The laboratories included homework and there was a point system.The assistants had a lot of freedom on how to execute the laboratories.However this is how it was done with Java:
Homework was given one week in advance.But doing the homework was rewarding because the actual laboratories were rehashes of the homework with just minor changes to the code.And as such students who had finished the homework themselves were rewarded with more points.There was also an entrance quiz which consisted mostly of things from the homework and an exit quiz,each of the quizzes was worth 3 points.The actual laboratory was worth 3 points + 1 extra point for students who had done anextra task which was not a part of the homework and was decided by the assistant on the spot.At the end of the lab the assistant would give the students the code from the lab if they requested it by email.
The seminar brought the most points for the course.Basically the students would have to decide on a seminar topic and make a fully functional app.Each app has to cover at least 4 topics from the laboratories.Also the student has to make a documentation of the app and defend the seminar with his assistant.Once that is done,if the student has enough points in all areas of the course all he has to do is to take an oral exam with the professor and then bingo he has passed the course.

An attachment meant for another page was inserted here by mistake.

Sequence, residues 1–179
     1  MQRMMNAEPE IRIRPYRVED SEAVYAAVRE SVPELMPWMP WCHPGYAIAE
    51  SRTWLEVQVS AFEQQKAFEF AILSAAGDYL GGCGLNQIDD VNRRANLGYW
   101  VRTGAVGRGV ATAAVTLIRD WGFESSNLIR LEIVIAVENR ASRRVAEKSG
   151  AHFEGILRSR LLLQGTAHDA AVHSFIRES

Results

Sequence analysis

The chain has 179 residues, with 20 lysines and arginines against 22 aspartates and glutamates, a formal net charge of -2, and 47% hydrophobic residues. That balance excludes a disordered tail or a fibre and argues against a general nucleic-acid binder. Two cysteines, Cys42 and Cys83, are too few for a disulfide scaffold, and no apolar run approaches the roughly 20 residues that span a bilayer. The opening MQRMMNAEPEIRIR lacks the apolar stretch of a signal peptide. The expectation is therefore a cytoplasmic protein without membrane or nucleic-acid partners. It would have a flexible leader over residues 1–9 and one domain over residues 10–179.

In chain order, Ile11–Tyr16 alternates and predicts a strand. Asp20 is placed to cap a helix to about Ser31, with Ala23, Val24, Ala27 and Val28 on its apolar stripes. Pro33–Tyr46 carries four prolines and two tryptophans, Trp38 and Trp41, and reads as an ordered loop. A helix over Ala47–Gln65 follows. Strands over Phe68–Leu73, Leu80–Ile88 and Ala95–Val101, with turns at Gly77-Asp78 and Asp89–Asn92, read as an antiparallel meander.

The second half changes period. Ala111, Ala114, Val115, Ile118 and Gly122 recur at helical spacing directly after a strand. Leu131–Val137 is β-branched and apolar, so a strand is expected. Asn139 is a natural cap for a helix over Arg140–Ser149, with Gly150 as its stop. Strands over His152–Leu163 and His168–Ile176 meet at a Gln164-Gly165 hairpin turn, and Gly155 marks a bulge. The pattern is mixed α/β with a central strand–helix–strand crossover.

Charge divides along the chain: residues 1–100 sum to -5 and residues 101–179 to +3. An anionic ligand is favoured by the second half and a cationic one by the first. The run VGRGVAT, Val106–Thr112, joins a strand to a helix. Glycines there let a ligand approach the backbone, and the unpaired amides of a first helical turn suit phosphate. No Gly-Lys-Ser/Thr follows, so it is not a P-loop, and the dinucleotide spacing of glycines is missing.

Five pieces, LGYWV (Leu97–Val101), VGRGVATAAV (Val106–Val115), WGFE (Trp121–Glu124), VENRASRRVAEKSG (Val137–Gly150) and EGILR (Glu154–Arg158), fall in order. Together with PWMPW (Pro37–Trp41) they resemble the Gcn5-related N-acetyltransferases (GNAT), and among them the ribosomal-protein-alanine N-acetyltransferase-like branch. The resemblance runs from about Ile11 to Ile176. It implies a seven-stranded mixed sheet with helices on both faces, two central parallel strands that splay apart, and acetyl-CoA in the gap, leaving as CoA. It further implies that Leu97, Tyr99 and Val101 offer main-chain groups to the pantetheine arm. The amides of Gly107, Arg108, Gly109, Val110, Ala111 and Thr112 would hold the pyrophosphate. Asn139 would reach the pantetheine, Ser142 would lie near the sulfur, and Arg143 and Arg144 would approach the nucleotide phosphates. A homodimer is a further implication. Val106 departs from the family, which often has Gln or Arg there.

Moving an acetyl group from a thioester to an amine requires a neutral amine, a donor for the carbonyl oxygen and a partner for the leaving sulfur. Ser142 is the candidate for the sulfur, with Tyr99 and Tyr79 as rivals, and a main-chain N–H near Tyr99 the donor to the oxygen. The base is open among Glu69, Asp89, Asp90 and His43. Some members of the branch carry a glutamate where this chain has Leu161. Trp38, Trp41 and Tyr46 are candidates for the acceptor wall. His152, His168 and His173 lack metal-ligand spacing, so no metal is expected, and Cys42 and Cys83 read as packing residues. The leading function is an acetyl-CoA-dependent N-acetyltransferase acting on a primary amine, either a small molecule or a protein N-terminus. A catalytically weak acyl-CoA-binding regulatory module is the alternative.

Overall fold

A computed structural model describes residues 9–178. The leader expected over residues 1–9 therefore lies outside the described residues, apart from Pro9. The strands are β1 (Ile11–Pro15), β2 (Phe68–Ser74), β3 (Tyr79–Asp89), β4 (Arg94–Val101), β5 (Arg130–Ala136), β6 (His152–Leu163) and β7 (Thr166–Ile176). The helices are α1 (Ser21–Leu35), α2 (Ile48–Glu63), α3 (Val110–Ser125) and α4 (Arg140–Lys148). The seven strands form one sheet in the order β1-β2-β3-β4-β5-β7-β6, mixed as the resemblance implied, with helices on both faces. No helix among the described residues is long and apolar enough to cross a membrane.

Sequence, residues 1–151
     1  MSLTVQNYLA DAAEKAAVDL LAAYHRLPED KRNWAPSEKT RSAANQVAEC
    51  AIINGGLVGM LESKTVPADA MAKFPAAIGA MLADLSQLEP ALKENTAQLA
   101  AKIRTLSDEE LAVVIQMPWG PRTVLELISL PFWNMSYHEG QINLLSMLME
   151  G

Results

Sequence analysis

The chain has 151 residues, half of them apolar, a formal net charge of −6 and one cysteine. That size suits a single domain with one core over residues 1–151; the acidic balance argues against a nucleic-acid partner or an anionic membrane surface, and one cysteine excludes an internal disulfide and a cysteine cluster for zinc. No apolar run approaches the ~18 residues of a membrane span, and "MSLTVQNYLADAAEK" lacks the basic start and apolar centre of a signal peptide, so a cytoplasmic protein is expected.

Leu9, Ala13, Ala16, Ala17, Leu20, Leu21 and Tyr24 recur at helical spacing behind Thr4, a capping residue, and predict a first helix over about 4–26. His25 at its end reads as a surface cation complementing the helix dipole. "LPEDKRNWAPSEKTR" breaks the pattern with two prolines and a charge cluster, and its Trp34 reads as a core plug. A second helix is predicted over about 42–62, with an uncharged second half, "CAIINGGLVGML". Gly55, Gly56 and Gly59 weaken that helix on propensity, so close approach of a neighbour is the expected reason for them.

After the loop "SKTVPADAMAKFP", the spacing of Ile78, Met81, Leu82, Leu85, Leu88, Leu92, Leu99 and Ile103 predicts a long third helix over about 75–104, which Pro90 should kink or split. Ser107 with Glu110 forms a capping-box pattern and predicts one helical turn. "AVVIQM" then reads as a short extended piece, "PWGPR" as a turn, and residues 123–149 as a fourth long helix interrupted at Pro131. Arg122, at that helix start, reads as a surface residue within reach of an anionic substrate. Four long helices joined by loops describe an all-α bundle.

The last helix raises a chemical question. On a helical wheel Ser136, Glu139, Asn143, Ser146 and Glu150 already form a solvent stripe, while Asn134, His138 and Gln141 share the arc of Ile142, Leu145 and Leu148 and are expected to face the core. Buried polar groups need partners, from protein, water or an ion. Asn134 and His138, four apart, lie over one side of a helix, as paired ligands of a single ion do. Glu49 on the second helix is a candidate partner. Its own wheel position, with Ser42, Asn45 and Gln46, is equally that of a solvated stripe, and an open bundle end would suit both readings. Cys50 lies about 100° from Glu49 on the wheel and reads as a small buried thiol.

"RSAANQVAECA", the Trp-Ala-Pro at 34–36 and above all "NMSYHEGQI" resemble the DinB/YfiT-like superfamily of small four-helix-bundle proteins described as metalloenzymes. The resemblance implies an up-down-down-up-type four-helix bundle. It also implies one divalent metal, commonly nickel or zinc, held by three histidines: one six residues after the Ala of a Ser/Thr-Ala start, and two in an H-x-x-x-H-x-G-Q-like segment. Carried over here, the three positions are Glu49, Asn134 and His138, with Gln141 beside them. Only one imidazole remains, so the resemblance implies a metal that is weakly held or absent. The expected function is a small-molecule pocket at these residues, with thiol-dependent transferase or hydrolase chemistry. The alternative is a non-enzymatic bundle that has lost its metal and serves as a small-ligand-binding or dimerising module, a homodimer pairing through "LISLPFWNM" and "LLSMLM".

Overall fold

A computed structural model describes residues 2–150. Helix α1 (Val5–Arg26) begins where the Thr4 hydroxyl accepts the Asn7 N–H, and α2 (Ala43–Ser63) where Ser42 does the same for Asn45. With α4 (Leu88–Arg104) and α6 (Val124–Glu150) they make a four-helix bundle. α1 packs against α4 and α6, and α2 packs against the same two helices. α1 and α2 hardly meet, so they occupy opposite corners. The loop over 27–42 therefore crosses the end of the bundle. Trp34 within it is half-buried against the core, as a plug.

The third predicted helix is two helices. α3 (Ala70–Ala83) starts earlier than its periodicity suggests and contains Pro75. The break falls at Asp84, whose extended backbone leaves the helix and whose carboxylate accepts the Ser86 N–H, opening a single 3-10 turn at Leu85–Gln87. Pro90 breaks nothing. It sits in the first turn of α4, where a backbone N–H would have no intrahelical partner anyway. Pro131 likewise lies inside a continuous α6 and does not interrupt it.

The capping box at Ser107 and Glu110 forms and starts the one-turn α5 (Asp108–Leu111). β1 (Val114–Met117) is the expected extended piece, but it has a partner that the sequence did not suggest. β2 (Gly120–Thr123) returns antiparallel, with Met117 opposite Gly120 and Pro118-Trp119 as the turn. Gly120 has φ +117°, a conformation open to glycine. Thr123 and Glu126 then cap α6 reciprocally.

But you could say that the course I mentioned earlier is still not completely agnostic because you still only have a choice of 3 languages.Well this is how I would solve it:
And yes I agree this path would be very tough for the student.
Basically students would be presented with this option.If their wished language is too obscure to be included,the student should do 4-5 seminars/apps.Each one of those should be tied to several areas of theory and laboratory practice that the other students take part in.The student would still have the support of the professor who would be qualified to teach him all of the theory.The student would still have all the resources of his educational institution.And perhaps the professor could link the students to other assistants and professors who are not part of the course but happen to know the students desired programming language.Also the student would still have at least a very loose educational direction.
The evaluation of the seminar would then replace the laboratories.Since the students were freed from laboratories it is assumed they had enough time for the seminars.Once again I repeat,choosing this path might not be easy for a student,but I firmly believe this would improve the output of decent programmers from educational institutions.Also this would allow the institutions to measure the popularity of programming languages so they could tweak the course even further.